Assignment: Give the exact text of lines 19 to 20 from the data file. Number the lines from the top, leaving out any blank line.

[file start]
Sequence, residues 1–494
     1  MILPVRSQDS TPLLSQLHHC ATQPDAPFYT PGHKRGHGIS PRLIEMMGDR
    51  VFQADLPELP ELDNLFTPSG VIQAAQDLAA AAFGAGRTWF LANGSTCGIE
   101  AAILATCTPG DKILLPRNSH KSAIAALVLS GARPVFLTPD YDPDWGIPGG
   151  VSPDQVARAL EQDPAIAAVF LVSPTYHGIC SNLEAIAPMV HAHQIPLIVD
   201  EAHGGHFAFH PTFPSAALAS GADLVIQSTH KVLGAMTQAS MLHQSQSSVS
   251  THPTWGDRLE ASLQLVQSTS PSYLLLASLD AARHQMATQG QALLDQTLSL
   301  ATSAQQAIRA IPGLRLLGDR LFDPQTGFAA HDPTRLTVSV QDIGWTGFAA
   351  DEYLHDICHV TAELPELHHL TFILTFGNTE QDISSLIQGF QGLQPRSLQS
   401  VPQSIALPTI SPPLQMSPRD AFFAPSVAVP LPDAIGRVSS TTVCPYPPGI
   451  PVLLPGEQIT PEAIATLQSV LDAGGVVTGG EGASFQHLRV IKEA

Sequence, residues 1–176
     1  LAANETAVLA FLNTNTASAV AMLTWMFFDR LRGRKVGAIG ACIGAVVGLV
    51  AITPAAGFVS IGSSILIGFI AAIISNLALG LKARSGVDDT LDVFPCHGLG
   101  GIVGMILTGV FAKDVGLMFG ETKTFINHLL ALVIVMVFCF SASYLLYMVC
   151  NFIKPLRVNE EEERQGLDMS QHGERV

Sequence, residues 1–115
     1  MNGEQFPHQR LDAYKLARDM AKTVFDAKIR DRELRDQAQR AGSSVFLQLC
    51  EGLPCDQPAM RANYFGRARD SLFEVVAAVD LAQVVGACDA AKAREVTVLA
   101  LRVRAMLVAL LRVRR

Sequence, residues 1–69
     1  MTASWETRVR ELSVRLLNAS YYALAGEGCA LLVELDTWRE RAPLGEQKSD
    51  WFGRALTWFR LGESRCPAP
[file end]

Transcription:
    51  EGLPCDQPAM RANYFGRARD SLFEVVAAVD LAQVVGACDA AKAREVTVLA
   101  LRVRAMLVAL LRVRR